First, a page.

For a full example of eating disorders as habits read: How My Eating Disorder Became a Habit
How do you break habits?
If your unhealthy eating behaviours are at the goal-reward stage, then you can break these unhealthy habits by identifying the triggers and the reward.
Going back to Gemma’s example, if she had been at the goal-reward stage of habit formation (which she wasn’t as she’d been bingeing for years by the time I began working with her), she could have reflected on what was triggering her bingeing – in her case feeling upset at the break-down of her relationship, and how she was finding bingeing rewarding (e.g. by comforting her).
Once she had identified the triggers and the rewards she could then focus on eliminating the trigger (e.g. by getting rid of anything that reminded her of her ex) and find healthier ways to get the same reward (e.g. having a bath, reading a book, or speaking to friends to feel comforted).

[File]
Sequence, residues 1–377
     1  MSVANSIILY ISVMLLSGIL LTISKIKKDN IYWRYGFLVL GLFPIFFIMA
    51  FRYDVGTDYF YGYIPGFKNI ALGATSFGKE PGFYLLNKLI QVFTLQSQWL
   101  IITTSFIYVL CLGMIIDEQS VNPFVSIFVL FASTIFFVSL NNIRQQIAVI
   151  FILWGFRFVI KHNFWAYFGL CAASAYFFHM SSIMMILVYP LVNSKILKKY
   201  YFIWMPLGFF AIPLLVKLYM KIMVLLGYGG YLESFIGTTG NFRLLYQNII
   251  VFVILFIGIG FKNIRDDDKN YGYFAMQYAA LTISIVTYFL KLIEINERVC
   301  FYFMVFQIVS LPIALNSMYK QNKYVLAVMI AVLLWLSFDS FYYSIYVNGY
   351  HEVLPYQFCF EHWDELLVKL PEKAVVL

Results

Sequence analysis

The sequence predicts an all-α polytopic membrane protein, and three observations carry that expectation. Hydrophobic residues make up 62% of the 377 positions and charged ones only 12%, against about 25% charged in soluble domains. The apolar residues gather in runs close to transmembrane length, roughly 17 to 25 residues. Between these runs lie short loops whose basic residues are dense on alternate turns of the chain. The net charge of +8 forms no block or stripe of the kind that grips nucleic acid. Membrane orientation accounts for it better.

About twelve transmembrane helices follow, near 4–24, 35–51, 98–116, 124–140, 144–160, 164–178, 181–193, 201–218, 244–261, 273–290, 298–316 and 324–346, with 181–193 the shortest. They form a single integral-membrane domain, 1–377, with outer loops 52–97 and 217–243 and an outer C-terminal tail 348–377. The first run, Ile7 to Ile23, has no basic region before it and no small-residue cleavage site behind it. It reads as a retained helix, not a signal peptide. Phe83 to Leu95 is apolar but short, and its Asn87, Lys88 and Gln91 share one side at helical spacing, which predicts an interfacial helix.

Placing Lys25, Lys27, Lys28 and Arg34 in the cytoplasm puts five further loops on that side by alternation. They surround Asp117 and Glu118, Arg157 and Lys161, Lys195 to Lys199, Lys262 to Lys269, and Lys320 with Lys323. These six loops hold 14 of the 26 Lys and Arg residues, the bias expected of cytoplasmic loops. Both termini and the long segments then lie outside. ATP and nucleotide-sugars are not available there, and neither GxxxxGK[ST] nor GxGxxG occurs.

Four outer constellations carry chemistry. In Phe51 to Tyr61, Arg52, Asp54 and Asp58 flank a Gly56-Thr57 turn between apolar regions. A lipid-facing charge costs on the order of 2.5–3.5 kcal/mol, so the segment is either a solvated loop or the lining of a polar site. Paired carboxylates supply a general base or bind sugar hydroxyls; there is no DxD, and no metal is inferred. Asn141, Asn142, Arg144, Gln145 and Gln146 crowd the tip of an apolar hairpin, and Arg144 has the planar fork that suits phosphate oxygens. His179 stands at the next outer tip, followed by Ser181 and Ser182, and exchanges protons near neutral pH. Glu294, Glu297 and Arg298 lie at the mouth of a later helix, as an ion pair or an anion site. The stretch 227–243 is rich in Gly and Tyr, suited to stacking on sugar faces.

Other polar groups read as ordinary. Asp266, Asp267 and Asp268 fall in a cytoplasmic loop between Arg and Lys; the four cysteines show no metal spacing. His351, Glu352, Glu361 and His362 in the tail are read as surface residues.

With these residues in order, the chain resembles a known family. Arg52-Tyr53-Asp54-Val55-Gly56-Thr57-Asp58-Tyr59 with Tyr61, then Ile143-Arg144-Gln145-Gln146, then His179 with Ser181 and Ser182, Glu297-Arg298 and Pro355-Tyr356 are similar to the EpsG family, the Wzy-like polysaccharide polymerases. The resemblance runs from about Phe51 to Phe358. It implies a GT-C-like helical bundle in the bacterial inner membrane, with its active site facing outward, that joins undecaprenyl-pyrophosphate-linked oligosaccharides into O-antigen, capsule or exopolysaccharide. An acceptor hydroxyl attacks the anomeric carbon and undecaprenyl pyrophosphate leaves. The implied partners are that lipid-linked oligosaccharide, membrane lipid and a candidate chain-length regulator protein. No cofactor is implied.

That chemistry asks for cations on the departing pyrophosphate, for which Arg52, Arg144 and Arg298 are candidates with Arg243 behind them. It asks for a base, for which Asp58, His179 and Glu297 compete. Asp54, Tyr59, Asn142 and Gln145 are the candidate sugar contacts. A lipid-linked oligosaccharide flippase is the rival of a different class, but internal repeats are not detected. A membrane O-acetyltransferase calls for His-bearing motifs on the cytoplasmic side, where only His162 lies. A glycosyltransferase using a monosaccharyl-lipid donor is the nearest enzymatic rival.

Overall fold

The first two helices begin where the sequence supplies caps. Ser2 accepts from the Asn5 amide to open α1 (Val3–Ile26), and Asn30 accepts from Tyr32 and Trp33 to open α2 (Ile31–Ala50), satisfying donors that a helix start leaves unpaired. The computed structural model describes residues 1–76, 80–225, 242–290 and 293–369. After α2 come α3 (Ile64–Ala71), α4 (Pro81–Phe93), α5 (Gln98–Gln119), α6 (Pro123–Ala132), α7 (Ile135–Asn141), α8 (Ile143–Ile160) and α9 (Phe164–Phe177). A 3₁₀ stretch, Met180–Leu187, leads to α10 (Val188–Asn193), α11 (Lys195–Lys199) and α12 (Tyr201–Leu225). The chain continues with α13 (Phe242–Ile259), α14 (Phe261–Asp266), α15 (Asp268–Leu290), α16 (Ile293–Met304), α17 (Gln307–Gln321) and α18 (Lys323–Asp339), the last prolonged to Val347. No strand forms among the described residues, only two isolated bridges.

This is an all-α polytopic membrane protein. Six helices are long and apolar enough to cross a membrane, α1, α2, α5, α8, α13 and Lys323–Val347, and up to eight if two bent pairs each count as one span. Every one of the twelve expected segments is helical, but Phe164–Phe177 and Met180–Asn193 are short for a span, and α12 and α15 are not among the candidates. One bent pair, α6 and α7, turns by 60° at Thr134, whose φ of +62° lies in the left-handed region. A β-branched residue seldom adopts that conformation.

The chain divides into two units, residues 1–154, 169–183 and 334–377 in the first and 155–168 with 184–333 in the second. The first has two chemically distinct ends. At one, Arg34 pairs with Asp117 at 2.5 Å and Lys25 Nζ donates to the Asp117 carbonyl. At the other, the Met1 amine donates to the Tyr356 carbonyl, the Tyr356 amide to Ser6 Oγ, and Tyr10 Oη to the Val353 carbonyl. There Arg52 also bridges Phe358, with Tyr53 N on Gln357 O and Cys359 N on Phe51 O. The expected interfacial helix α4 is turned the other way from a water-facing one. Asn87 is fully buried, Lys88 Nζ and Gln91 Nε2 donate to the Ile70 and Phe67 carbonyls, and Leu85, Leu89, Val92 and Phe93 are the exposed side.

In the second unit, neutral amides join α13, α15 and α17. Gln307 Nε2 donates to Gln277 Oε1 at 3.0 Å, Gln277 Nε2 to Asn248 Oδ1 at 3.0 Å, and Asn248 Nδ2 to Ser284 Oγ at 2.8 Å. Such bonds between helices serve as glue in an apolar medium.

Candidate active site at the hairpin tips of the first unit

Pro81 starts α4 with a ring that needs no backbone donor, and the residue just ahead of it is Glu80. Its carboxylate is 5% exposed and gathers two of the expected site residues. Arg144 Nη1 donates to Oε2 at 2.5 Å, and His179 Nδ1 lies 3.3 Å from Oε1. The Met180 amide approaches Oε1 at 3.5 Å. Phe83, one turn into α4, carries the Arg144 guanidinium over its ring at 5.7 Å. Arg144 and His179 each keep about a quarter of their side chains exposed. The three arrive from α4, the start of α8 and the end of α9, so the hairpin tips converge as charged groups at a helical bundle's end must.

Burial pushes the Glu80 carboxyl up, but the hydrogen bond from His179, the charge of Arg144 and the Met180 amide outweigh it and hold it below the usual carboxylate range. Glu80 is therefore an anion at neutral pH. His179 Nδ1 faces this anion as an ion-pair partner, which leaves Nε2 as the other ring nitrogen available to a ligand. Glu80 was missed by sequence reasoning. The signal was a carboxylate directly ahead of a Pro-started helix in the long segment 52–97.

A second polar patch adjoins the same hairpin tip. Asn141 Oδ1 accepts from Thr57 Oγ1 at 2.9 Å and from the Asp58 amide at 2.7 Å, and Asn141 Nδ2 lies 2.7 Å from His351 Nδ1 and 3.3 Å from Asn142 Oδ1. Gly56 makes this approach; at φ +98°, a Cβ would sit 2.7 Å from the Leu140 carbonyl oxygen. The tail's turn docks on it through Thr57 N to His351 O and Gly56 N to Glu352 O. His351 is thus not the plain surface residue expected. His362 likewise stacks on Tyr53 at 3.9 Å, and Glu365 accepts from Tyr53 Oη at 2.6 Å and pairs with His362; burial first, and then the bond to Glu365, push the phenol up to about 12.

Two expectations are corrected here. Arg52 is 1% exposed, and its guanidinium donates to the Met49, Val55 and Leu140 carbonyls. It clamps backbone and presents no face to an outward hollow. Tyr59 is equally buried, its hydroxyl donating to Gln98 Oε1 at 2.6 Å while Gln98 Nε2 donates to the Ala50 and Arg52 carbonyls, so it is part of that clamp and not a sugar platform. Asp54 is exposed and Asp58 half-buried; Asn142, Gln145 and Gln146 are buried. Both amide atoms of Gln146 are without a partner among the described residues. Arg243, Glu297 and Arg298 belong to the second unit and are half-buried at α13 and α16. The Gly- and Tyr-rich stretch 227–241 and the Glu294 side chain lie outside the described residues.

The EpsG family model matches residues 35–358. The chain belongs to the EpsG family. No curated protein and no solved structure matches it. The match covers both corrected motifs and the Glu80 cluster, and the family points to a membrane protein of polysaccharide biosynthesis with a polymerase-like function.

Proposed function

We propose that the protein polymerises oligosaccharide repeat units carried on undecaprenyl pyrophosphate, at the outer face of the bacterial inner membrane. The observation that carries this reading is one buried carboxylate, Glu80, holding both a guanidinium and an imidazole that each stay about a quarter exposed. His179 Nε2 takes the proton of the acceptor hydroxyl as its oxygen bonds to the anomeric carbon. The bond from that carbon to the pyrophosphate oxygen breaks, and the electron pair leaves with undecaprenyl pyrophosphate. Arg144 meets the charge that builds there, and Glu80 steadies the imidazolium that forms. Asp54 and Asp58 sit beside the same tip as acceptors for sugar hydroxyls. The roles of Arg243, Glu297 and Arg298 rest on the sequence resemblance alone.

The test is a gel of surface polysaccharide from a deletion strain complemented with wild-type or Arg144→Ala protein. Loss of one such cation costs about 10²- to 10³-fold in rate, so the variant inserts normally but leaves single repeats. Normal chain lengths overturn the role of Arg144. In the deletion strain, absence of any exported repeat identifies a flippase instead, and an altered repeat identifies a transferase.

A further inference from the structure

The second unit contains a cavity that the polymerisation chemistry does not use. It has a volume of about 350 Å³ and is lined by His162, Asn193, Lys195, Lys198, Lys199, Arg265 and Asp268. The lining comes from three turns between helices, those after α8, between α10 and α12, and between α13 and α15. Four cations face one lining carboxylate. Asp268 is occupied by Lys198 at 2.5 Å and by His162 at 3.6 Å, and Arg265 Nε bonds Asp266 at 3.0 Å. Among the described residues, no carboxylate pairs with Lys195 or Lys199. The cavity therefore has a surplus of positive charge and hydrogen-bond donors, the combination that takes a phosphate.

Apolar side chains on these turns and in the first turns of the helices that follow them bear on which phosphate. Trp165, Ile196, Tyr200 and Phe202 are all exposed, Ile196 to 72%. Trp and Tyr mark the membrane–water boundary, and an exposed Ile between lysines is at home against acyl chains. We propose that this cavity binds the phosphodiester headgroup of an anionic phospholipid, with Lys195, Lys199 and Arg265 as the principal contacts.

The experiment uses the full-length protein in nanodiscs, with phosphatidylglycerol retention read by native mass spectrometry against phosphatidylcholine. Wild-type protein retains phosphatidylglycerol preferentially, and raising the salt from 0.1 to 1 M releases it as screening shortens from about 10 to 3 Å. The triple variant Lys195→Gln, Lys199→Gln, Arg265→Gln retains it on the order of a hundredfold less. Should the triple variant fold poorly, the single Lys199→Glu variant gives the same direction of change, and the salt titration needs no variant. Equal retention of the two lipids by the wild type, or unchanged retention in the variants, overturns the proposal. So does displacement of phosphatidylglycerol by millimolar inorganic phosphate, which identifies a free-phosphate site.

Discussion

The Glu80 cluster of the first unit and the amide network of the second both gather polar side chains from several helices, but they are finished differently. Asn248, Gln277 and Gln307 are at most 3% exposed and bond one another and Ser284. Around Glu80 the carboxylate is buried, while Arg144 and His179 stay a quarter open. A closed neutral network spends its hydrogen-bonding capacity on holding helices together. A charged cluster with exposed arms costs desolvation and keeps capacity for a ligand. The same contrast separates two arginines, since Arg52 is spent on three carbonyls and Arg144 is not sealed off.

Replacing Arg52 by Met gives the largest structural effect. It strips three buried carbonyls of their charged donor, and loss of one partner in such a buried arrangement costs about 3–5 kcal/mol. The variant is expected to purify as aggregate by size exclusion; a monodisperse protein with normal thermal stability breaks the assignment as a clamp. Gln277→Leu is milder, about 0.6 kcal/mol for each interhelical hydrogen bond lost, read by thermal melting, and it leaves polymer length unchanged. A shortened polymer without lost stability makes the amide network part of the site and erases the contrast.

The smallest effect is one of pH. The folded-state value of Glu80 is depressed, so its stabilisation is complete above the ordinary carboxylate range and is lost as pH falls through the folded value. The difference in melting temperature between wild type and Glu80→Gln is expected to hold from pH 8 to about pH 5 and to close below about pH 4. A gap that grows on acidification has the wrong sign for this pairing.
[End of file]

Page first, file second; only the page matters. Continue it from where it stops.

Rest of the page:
All this sounds simple, however, usually by the time we realise how much out unhealthy relationship with food is restricting our lives, our destructive eating habits and food obsessions have become habitual – neurologically, they have been wired into the lower brain through stimulus-response learning.
By the time Gemma realised her bingeing was a problem, she no longer felt any reward from her evenings of eating but felt powerless to stop. This is because our lower brain treats habits like our survival depends on them. It pumps out urges for us to engage in the habit automatically. And the more we respond to these urges, the stronger the neurological connections become, leading to more frequent and more intense urges.
Every time Gemma got the urge to binge and acted on that urge by bingeing, she strengthened the neural connection between the urge to binge and the action of bingeing, reinforcing the habit and making it more difficult to escape the binge cycle.